More than 100 students from 10 schools gathered at the Cape and Islands Youth Climate Action Summit in Harwich on Wednesday.
Students, ranging in age from 10 to 18, spent the morning learning about climate change from environmentalists, artists, and politicians, like State Senator Julian Cyr and Massachusetts Congressman Bill Keating.
They also participated in break-out sessions on political activism, energy consumption and conservation, healthy eating, and careers in climate change.
“I see us as being the generation who hopefully saves the world,” said Jack McCoy, a senior at Cape Cod Academy and a chapter organizer for a youth-led climate activist group called the Sunrise Movement.
Later, students developed action plans for local schools to reduce their carbon footprints. This included goals to introduce reusable trays and utensils to cafeterias, ban the sale of plastic water-bottles, and get solar panels onto schools’ roofs, among other things.
“We want to have a future where we can be adults in a world with trees and oceans and not global catastrophe,” McCoy said.
Around the country, students are driving a movement around climate action, galvanized in large part by Greta Thunberg, a Swedish activist and founder of Fridays for Future, which encourages people strike against a lack of action against climate change.
“I think the term that’s being tossed around right now is ‘climate anxiety’ and I think that characterizes a large portion of the youth across America,” McCoy said.
Eliza Hackler, a 17-year-old student at Sturgis East said she usually feels anxious about climate change, but the Summit offered new light.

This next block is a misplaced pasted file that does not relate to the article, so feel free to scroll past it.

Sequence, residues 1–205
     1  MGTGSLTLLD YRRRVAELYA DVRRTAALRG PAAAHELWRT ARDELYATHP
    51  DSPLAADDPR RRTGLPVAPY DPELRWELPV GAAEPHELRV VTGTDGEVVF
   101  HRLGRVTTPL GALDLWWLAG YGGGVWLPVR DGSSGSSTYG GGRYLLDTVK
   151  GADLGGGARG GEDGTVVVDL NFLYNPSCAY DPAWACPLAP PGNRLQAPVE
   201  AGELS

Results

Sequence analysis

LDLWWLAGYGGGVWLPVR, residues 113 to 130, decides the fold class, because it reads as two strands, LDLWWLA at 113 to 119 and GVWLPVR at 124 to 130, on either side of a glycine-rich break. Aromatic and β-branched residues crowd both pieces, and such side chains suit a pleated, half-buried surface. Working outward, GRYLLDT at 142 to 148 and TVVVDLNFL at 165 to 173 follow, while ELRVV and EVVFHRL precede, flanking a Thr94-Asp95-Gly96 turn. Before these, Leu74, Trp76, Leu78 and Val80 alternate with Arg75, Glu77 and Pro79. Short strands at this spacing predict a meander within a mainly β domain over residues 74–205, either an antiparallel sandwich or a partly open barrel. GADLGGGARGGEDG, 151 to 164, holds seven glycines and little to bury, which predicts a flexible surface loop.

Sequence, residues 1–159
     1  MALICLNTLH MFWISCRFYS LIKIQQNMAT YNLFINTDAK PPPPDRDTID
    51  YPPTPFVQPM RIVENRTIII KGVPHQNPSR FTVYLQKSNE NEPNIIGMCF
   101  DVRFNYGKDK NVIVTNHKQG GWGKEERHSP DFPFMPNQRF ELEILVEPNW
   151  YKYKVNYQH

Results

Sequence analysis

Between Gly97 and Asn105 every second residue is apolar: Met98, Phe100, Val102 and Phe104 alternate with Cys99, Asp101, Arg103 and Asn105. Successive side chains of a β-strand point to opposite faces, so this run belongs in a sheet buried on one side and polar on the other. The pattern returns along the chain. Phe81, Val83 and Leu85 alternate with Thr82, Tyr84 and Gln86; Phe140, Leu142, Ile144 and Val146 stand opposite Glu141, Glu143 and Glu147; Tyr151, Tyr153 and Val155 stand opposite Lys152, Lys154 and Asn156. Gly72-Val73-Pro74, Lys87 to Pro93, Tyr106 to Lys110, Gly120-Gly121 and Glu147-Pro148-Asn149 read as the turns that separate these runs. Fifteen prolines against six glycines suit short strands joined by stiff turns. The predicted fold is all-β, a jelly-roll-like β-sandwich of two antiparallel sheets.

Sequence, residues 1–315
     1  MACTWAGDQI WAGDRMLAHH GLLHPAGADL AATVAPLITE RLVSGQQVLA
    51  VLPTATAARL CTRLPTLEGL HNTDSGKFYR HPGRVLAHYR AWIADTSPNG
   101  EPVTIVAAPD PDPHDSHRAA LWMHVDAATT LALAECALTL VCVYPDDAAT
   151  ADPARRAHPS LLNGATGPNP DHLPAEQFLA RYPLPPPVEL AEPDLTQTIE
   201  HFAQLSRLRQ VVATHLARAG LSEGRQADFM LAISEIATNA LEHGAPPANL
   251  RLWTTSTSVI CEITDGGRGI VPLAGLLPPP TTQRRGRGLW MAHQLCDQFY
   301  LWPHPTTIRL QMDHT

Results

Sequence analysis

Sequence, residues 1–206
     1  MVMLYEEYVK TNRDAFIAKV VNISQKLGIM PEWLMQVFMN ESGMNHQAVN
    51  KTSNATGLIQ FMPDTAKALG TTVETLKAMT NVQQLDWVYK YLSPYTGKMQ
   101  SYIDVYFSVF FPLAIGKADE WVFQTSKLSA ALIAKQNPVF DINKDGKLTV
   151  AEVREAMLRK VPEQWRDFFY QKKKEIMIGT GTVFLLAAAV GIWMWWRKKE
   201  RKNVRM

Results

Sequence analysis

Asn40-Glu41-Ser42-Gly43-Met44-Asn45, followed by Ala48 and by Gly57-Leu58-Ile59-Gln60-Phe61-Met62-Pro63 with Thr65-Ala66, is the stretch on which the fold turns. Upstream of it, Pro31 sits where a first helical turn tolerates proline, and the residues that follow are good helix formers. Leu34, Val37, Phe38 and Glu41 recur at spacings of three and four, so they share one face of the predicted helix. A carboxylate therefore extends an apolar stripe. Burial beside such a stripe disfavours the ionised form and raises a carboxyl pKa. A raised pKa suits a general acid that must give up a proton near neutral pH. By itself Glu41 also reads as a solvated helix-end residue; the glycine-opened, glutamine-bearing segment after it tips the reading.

“With this issue it’s hard not to be pessimistic but today felt really good just to be surrounded by kids my age who are really intelligent,” she said. “This specific planning just felt really comforting and really hopeful.”
Keith Lewison, a humanities teacher at Cape Cod Academy and organizer for the Summit, attributes the increase in Cape students’ climate activism to a mix of anxiety, anger, and the desire for community in an increasingly digitized world.
“They’re not political about this issue in the way adults are," Lewison said. "They’re very pragmatic.... like 'this is a big deal, it’s coming at us as we speak. Let’s get to work.'"
The event, sponsored by Mass Audubon, the Sierra Club, and the Cape Cod Theatre Company/Harwich Junior Theatre, was planned mostly by local high schoolers.
“If our generation is able to band together and work as we’ve been working,” McCoy said, “we can hopefully convince all the people in charge—and become the people in charge—and fix this.”